I mentioned the creation of this album was chaotic. Aside from the replacement of the lead singer position mid-album, there were also two drummers: Eric Singer departed to be replaced by ex-Sabbath drummer Bev Bevan! But by the tour, Bevan would be replaced by ex-The Clash drummer (Dr.) Terry Chimes. Dave (brother of Dan) Spitz partially recorded the bass to be replaced by ex-Rainbow and Ozzy bassist Bob Daisley. Daisley was gone before the video for “The Shining” was filmed, to be replaced by a mystery man who nobody bothered to catch the name of. You can see him in the video. The story goes, they needed a bassist for the video and pulled this guy off the street. For the tour, Jo Burt filled the bassist slot. Neither Chimes nor Burt would stick around to the next album, Headless Cross.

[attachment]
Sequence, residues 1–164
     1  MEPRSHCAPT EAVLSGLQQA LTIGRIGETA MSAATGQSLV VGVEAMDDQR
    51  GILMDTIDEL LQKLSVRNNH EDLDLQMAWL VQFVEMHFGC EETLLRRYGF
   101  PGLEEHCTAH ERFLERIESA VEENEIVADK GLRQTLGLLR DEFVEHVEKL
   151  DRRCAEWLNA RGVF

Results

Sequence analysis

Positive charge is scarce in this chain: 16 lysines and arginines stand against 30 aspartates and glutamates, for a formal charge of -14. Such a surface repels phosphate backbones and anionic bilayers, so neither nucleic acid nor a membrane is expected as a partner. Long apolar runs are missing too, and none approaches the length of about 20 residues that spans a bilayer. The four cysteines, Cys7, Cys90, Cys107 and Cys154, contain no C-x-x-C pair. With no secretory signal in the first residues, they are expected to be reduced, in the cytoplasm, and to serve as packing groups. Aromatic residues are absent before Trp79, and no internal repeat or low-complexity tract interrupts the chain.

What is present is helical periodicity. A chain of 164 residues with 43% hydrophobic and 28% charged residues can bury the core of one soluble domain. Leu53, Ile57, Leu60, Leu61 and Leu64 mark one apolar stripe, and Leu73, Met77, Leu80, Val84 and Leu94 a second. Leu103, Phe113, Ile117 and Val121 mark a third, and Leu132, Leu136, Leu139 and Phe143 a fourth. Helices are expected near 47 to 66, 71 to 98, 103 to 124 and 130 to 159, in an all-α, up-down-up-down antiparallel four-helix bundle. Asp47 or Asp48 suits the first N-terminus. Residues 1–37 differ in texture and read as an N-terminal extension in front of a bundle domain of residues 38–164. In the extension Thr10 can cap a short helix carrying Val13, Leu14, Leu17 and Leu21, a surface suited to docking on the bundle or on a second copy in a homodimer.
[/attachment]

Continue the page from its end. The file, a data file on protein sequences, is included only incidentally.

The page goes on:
Did you get all that?
The Eternal Idol was a crucial step towards solidifying Black Sabbath once again, after the chaos of the previous years, but it would be the next album, Headless Cross, that was a resounding return. A much more solid album, Headless featured the new nucleus of the two Tonys and the legendary Cozy Powell on drums. Session bassist Lawrence Cottle (a great fretless player) was replaced for the while by Cozy’s longtime rhythm partner, Neil Murray. That lineup of Powell, Murray, Iommi and Martin (always with Geoff Nicholls on keys) would prove to be one of the most stable in the band’s history and the one that I saw when I first saw Sabbath live in 1995 on the Forbidden tour.
Anyway, I’m going off on a tangent. My point was to show that this album was really not the “comeback” that it could have been, but merely a step towards rebuilding Black Sabbath. You have to admire Tony Iommi for not giving up. The Eternal Idol is not for those fans who just like Ozzy, or just like Dio. Eternal Idol is for the metal maven who wants to know every chapter in the band’s history. Otherwise, I can’t recommend it, except for the two songs “The Shining” and “Glory Ride”. Purchase accordingly.